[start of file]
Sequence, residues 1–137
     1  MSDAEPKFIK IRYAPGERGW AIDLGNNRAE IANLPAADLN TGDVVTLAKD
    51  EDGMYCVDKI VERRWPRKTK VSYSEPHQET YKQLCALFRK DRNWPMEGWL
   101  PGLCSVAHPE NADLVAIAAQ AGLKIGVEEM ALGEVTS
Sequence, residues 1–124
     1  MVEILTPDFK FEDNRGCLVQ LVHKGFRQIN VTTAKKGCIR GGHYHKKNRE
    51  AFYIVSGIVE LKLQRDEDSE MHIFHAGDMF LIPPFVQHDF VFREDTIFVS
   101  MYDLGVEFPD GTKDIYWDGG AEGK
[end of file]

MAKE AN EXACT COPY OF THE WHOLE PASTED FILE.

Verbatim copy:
Sequence, residues 1–137
     1  MSDAEPKFIK IRYAPGERGW AIDLGNNRAE IANLPAADLN TGDVVTLAKD
    51  EDGMYCVDKI VERRWPRKTK VSYSEPHQET YKQLCALFRK DRNWPMEGWL
   101  PGLCSVAHPE NADLVAIAAQ AGLKIGVEEM ALGEVTS
Sequence, residues 1–124
     1  MVEILTPDFK FEDNRGCLVQ LVHKGFRQIN VTTAKKGCIR GGHYHKKNRE
    51  AFYIVSGIVE LKLQRDEDSE MHIFHAGDMF LIPPFVQHDF VFREDTIFVS
   101  MYDLGVEFPD GTKDIYWDGG AEGK